EU, SON partner to address non-tariff barriers to trade
THE European Union (EU) and Standards Organisation of Nigeria (SON) have unveiled initiatives to address non-tariff barriers affecting trade relations between Nigeria and EU countries.
Under the initiative, the SON will partner with EU to build capacities for made-in-Nigeria goods, through a micro-quality intervention programme focused on specific areas such as agricultural produce, chemical testing, electronics and electrical, while identifying gaps in the processes of accreditation of laboratories as part of measures to make Nigerian goods competitive and acceptable globally.
The Standards Organisation of Nigeria (SON), while reiterating the Federal Government’s position on the Economic Partnership Agreement (EPA), noted that it is necessary to address challenges with non-tariff barriers before negotiating new deal with the EU.
Director-General, SON, Dr. Joseph Odumodu maintained that the EPA agreement would hinder local production and thereby dash the hope of Nigeria’s quest for economic diversification.
Odumodu, explained that Nigeria cannot go into an agreement that would see the nation open its border to foreign products, adding that there has to be a level playing field for Nigeria to benefit from such trade agreement.
Odumodu during the inception meeting of SON with key experts for the African, Caribbean and Pacific (ACP)-EU Programme on capacity building and training on standardisation tagged “Fostering standardisation values and capacity growth for made-in-Nigeria products, said: “SON is a member of this government; so SON is a pro-government and government’s position on this matter is very clear.
“We are not yet at a point where we can sign the EPA. What we are doing today is building us to a level where we can be in a position to consider that agreement but as at today, it is not feasible because you do not put people in different levels and expect them to sign an agreement that would affect their local production. It will not be a level playing field and competition will be one sided to the detriment of Nigeria.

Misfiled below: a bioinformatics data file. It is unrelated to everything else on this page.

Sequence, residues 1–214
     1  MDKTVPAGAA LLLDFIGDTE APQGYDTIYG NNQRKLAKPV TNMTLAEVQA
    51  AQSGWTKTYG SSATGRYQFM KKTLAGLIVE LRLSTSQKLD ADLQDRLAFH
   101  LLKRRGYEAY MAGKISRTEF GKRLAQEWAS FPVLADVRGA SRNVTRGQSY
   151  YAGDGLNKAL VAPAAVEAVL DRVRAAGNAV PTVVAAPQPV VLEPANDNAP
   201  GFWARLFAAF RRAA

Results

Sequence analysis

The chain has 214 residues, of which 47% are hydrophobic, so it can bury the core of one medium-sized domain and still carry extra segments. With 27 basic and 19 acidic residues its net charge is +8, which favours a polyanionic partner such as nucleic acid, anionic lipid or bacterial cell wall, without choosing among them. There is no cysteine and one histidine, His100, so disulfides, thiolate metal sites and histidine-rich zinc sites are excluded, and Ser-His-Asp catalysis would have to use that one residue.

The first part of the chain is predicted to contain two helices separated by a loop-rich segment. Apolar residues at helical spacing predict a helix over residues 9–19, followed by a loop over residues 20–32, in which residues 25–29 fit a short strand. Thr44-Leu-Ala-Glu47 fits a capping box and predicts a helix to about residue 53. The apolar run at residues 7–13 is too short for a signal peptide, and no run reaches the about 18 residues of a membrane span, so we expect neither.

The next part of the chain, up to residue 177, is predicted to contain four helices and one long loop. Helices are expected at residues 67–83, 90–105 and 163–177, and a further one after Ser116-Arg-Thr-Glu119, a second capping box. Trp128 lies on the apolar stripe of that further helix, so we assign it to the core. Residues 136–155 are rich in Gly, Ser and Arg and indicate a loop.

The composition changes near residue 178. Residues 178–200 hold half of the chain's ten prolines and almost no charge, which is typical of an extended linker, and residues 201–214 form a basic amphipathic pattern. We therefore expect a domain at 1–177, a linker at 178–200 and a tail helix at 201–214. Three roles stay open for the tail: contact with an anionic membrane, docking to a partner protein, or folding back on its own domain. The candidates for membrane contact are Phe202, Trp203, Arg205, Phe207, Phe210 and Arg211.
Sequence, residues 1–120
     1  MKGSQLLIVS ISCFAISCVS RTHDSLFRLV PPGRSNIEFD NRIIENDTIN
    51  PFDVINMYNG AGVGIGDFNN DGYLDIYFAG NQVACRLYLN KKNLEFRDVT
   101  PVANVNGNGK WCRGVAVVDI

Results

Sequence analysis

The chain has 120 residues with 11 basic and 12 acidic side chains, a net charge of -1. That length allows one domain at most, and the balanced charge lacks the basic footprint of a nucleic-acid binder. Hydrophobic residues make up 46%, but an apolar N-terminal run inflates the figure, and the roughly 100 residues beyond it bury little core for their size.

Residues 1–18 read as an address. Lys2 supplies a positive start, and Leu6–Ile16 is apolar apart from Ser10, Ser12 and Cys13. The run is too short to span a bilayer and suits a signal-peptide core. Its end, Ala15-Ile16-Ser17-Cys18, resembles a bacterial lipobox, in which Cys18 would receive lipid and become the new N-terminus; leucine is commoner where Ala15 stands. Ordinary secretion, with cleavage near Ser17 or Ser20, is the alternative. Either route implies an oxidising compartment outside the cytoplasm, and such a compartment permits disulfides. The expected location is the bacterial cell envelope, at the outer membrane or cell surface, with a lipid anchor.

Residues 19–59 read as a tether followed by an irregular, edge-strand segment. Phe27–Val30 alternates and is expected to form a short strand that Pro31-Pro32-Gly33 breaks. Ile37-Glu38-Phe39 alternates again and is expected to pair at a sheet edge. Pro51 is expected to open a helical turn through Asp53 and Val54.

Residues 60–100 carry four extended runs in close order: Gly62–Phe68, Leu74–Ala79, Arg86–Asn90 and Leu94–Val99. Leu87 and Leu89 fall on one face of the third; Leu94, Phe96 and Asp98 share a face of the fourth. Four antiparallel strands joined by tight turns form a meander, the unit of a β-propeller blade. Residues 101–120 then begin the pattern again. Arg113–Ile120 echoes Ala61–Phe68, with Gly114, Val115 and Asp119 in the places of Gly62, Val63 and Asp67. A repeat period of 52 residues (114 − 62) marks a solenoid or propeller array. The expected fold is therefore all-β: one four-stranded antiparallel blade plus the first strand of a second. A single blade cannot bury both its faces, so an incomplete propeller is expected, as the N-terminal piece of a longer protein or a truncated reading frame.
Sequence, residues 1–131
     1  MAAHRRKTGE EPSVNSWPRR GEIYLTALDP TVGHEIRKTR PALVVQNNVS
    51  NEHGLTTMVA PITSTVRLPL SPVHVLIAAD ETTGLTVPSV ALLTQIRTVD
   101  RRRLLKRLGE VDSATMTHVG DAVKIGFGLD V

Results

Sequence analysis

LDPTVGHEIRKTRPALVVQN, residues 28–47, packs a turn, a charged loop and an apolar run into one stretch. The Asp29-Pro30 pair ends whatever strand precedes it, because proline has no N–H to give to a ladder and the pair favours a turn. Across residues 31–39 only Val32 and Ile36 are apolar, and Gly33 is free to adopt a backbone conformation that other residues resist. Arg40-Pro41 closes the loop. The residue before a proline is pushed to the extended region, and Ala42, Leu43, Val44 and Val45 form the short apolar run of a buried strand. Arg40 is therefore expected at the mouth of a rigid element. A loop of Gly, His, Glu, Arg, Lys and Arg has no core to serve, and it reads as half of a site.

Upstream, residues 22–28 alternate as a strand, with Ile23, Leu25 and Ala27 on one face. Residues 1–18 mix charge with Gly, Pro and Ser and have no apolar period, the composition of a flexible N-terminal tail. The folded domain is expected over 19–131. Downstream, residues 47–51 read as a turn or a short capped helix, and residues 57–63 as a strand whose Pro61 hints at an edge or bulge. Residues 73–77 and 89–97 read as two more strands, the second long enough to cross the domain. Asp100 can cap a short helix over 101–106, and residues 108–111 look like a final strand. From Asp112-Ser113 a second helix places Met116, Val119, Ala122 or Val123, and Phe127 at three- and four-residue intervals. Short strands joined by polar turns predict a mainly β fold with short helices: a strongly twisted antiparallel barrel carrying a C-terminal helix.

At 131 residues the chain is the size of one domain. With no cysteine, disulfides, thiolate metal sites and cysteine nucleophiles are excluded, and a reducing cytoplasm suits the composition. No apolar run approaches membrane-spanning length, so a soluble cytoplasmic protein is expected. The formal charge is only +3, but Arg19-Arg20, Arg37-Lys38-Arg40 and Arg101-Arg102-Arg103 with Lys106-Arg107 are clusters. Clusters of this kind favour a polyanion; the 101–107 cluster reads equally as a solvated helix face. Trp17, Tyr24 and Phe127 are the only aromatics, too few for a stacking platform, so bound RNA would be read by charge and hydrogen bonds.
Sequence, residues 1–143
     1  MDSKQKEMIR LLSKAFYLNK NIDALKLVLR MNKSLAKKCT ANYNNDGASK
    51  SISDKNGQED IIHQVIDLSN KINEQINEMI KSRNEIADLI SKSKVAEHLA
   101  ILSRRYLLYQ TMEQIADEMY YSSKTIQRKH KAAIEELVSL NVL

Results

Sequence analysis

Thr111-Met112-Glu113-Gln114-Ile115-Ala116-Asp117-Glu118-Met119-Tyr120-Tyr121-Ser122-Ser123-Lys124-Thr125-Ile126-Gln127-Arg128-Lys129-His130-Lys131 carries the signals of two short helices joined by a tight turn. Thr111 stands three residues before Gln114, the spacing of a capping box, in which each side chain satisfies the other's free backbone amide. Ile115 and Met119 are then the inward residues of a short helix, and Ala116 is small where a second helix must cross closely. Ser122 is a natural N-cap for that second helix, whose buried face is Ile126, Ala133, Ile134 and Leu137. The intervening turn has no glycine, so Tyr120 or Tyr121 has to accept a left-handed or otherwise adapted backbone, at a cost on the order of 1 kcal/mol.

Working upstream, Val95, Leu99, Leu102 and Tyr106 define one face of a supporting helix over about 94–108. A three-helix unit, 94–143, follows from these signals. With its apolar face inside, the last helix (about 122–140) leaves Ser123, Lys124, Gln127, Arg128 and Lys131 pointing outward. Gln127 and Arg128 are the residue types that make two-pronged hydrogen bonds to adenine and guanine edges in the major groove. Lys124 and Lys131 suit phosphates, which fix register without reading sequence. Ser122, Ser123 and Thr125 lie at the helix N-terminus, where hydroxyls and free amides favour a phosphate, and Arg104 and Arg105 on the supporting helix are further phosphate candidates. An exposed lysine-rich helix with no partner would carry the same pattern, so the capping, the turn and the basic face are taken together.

“We are going to be looking at areas where Nigeria needs assistance in terms of agricultural produce and those are areas where we are going to be focused on and I am sure in the next quarter, all of you will come for the launching of our new laboratory in Ogba. I want to thank the European Union for many of the activities they have been involved with in creating a competitiveness and access programme for Nigeria in the international community.
“In terms of testing, we will test products going out of the country, products coming in and the products that are being consumed in Nigeria. What we have found out is that with the experience we had during the EU’s rejection of our beans, the need for us to focus on domestic consumption. We must also protect our own people. The foreign countries are all setting targets to protect their consumers and we must also go that way. We will be going to the market to take samples for testing and we will be doing this as often as possible so that we can keep people away from bad products that can harm them,” he added.
He commended the federal government’s budget from 2016 going forward, saying that it is paying a critical look at diversifying the nation’s economy.